Dispatch from the Razor's Edge, the Blog of Michael Stephen Fuchs
To Fulfil Their Dreams

For some reason the 7/7 anniversary always sneaks up on me in a way 9/11 doesn't. Luckily for me, my regular running route takes me directly beside the 7/7 Memorial, tucked in the SE corner of Hyde Park. And there, every year, as they did today, the massed flowers and notes on the hillside overlooking it tell the tale.

I stopped and read as many of the notes as had survived the rain, and surveyed the riot of sunflowers that had been laid at the ceremony two days ago.

I looked, in vain, for the poem written to one of the victims by her sister, which I had seen in years past. One note, attached to a bunch of roses, and the one that did me in, read: "To C-----, We love you and miss you so much. Mum and Dad."

I also found that someone had written out, by hand, the conclusion of then-Mayor of London Ken Livingston's remarkable speech on the day. (Video here, full text here.)

"They seek to divide Londoners. They seek to turn Londoners against each other. I said yesterday to the International Olympic Committee, that the city of London is the greatest in the world, because everybody lives side by side in harmony. Londoners will not be divided by this cowardly attack. They will stand together in solidarity alongside those who have been injured and those who have been bereaved and that is why I'm proud to be the mayor of that city.

I wish to speak directly to those who came to London today to take life.

I know that you personally do not fear giving up your own life in order to take others - that is why you are so dangerous. But I know you fear that you may fail in your long-term objective to destroy our free society and I can show you why you will fail.

In the days that follow look at our airports, look at our sea ports and look at our railway stations and, even after your cowardly attack, you will see that people from the rest of Britain, people from around the world will arrive in London to become Londoners and to fulfil their dreams and achieve their potential.

They choose to come to London, as so many have come before because they come to be free, they come to live the life they choose, they come to be able to be themselves. They flee you because you tell them how they should live. They don't want that and nothing you do, however many of us you kill, will stop that flight to our city where freedom is strong and where people can live in harmony with one another. Whatever you do, however many you kill, you will fail."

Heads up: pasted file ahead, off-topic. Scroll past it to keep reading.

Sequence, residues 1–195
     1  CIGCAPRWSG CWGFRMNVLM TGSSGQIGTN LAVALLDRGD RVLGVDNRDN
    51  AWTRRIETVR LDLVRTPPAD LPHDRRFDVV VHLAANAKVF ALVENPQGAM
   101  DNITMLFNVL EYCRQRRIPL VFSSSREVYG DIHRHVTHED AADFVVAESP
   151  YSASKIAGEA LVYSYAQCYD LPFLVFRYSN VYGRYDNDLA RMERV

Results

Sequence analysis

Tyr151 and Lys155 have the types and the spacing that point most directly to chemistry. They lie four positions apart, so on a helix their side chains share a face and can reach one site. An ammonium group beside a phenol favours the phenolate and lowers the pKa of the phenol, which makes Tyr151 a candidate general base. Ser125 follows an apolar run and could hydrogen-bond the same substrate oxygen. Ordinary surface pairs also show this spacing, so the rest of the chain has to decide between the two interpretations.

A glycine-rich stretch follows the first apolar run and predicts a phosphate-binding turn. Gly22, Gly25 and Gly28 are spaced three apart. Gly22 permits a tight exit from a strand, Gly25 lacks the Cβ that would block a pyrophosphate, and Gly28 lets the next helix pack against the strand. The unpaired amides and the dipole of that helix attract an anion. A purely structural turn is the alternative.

Here in the science fiction year of 2012, with the Queen's Diamond Jubilee, a Londoner in the finals of Wimbledon, and most particularly the 2012 Summer Olympic Games – not to mention the rest of the year in London life: the Chelsea Flower Show, summer season at the Globe, Royal Ascot, the Proms, Notting Hill Carnival, Eid, Diwali, the Great British Beer Festival, Picasso at Tate Britain, the Mayor's Thames Festival, London Jazz Festival, London Film Festival, and on and on and on – nothing could more obvious than that Ken had it exactly right.

Though the dead are still dead, and we grieve for and honour them.

  7/7     london  
close photo of Michael Stephen Fuchs

Fuchs is the author of the novels The Manuscript and Pandora's Sisters, both published worldwide by Macmillan in hardback, paperback and all e-book formats (and in translation); the D-Boys series of high-tech, high-concept, spec-ops military adventure novels – D-Boys, Counter-Assault, and Close Quarters Battle (coming in 2016); and is co-author, with Glynn James, of the bestselling Arisen series of special-operations military ZA novels. The second nicest thing anyone has ever said about his work was: "Fuchs seems to operate on the narrative principle of 'when in doubt put in a firefight'." (Kirkus Reviews, more here.)

Fuchs was born in New York; schooled in Virginia (UVa); and later emigrated to the San Francisco Bay Area, where he lived through the dot-com boom. Subsequently he decamped for an extended period of tramping before finally rocking up in London, where he now makes his home. He does a lot of travel blogging, most recently of some very  long  walks around the British Isles. He's been writing and developing for the web since 1994 and shows no particularly hopeful signs of stopping.

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